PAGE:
Bag issues in Tokyo - We arrived in Tokyo where some of our family was waiting to meet us and to see the baby for the first time. An aunt and her daughter, the one we spent time with in SF showed up with lots of gifts for the baby. We needed to get all our bags for customs and immigration and then recheck them in for the last leg of the trip. We were flying on ANA again from Tokyo to Osaka and unlike United, they wanted to charge us for the extra bag. I decided to take one of the send though bags with us as a carry-on. We were sure they would say something and Akiko said to speak only English and they might let us through security with 6 bags. It worked perfectly and although it was a hassle we managed it. The Japanese workers kept running up to us to help with the extra bags as we got on and off the plane. The service in Japan continues to be the best in the world.
Entering Japan illegally - Many of our friends reading this know I was entering Japan illegally. Since I was entering the country on a tourist visa, I was supposed to show a round trip ticket with a departure date from Japan. Akiko had found information on the Japanese immigration site which said you can change your status once on Japanese soil. It took only 5 minutes and NO MONEY for me to be legal in Japan. They did not even ask for a marriage certificate or anything. It took months and over $3,000 for Akiko to change her status in the same way in the US....go figure.
Tokyo to Osaka - Really not much to talk about. The flight was about 1.5 hours, about the same as SD to SF, and was very smooth. We were all pretty exhausted by this time and slept most of the way.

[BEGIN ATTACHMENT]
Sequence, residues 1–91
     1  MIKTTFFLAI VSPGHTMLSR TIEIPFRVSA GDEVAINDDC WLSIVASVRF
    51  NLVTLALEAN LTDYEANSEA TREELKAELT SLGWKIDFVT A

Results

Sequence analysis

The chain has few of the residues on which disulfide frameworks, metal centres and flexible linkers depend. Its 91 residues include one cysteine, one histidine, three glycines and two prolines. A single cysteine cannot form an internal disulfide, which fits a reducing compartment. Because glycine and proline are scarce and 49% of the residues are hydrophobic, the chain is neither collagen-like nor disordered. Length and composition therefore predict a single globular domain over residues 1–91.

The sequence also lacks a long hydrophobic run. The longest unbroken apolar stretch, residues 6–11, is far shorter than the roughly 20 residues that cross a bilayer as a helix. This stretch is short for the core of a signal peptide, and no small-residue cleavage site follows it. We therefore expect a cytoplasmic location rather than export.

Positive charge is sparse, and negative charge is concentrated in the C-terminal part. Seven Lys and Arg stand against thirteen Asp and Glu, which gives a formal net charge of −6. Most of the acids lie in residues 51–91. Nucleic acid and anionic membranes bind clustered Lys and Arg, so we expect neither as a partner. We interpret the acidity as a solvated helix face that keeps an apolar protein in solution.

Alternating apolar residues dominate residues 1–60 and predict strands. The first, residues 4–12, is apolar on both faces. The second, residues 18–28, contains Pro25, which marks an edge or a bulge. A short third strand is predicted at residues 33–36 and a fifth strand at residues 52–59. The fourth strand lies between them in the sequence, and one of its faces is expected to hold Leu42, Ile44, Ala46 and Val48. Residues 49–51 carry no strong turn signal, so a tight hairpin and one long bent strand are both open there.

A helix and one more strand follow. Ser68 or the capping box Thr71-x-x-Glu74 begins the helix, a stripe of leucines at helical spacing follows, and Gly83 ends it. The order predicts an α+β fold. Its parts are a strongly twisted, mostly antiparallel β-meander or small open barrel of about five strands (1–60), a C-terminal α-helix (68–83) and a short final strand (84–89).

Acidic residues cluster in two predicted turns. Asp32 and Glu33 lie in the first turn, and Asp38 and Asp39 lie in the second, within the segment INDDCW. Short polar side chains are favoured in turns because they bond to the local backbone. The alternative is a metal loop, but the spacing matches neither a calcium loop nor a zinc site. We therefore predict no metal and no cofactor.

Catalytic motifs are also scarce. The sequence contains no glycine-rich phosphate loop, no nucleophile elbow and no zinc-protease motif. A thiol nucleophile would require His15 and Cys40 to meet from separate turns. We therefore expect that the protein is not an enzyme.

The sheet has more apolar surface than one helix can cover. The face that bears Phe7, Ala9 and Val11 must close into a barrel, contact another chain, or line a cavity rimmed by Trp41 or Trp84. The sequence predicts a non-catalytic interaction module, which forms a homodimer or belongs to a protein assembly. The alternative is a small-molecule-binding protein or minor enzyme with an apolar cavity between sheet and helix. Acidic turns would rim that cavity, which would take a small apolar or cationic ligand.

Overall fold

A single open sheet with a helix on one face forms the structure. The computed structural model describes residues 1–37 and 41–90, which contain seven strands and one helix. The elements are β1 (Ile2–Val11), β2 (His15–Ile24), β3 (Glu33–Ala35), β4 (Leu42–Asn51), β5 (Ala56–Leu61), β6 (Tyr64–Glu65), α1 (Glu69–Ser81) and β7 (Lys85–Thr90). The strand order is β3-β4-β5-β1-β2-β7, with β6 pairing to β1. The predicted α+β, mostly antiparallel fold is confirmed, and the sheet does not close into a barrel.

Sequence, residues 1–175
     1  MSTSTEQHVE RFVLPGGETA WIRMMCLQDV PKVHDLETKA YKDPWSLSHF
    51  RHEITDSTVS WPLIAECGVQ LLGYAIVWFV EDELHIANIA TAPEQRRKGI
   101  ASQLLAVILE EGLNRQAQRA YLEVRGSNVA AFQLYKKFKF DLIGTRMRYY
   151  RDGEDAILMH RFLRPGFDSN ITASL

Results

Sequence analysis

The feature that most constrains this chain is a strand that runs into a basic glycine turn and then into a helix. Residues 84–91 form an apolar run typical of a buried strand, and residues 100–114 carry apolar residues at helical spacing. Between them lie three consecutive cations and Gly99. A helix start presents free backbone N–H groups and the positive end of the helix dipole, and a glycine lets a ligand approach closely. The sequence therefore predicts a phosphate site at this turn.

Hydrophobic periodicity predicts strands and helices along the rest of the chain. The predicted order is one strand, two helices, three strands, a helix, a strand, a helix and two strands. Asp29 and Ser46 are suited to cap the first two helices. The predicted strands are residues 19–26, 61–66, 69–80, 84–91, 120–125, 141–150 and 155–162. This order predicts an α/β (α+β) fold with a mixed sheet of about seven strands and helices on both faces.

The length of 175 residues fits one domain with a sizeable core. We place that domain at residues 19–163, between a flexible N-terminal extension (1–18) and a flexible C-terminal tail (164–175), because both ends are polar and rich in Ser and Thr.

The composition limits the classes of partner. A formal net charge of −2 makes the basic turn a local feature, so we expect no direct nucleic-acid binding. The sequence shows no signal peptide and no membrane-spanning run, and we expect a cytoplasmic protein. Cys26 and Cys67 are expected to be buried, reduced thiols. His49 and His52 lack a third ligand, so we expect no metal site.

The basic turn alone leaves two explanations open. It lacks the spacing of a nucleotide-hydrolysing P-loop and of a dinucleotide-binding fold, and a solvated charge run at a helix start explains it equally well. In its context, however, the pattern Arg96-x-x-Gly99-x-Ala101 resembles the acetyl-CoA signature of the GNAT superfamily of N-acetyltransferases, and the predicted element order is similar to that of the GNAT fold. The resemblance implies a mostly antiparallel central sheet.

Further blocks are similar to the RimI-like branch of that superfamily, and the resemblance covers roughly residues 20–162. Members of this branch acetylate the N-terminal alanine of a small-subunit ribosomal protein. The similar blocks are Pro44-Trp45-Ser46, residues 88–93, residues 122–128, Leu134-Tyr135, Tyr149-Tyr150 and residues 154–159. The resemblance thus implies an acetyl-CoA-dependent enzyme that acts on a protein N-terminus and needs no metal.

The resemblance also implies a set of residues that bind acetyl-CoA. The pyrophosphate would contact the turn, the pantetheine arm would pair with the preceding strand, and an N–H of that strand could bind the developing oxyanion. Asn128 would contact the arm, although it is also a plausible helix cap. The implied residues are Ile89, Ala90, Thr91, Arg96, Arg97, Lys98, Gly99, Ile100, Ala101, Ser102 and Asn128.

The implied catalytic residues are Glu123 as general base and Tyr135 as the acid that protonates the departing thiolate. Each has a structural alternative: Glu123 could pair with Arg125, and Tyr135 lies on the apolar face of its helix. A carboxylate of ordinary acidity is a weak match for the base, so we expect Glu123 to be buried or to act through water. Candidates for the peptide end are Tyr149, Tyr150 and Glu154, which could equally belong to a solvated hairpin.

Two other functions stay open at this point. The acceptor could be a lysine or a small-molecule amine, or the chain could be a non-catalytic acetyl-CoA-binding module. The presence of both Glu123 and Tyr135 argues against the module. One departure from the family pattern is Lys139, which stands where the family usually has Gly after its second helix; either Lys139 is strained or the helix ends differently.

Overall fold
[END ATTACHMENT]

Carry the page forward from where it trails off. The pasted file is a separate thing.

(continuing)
Meeting the family - We arrived in Osaka at about 7:15 pm. Akiko and I met her parents at the airport after not seeing them for almost 3 years. Although we chatted online and kept in contact, the relationship with everyone was strained due to house and Buraku issues in Japan, which many of you already know about. Although people generally do not hug in Japan, we hugged her parents which instantly made all the issues go away, at least for the moment. Her mom cried when she saw the baby and her Dad was really happy. We needed to sent 4 of our bags from the airport to the house. Everything else was able to fit in the company car her Dad used to pick us up.

Arriving at the house - We arrived at the house and unloaded all our stuff. We ate oden, drank beer and talked. My Japanese is still pretty good considering the limited about of time spent speaking the language over the last 3 years. Her parents set up a really nice room for Shai. All things considered, the trip to Japan went very smoothly. We were only charged an extra $25 for our bags and I was able to enter the country and immediately change status with no problem. From now until the New Year, Akiko and I need to do many things to prepare for our next few years together with the baby in Japan.